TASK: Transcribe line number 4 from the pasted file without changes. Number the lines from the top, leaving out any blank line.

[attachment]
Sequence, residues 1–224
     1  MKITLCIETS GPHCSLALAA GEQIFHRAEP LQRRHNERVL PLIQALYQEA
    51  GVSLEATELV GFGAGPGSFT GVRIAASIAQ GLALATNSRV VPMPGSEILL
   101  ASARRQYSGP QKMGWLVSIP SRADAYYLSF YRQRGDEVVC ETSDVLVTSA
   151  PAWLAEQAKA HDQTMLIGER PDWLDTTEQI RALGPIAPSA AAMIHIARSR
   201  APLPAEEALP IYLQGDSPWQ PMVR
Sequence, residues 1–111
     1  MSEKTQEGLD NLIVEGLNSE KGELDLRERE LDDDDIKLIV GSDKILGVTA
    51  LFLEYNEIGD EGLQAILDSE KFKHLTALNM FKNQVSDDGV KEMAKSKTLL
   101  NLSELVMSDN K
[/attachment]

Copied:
   101  ASARRQYSGP QKMGWLVSIP SRADAYYLSF YRQRGDEVVC ETSDVLVTSA